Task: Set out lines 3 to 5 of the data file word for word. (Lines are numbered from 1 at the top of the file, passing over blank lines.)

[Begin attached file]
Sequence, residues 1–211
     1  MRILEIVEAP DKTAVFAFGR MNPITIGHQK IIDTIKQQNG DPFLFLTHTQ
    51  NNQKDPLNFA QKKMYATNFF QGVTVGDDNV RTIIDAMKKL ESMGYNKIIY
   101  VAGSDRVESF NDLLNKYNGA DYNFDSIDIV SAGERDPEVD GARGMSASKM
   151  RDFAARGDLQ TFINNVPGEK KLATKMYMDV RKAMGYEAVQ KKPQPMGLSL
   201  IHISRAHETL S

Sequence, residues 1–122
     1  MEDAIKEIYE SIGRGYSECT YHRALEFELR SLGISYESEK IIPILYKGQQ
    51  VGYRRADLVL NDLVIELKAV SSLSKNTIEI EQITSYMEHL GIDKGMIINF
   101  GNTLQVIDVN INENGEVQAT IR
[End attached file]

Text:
    51  NNQKDPLNFA QKKMYATNFF QGVTVGDDNV RTIIDAMKKL ESMGYNKIIY
   101  VAGSDRVESF NDLLNKYNGA DYNFDSIDIV SAGERDPEVD GARGMSASKM
   151  RDFAARGDLQ TFINNVPGEK KLATKMYMDV RKAMGYEAVQ KKPQPMGLSL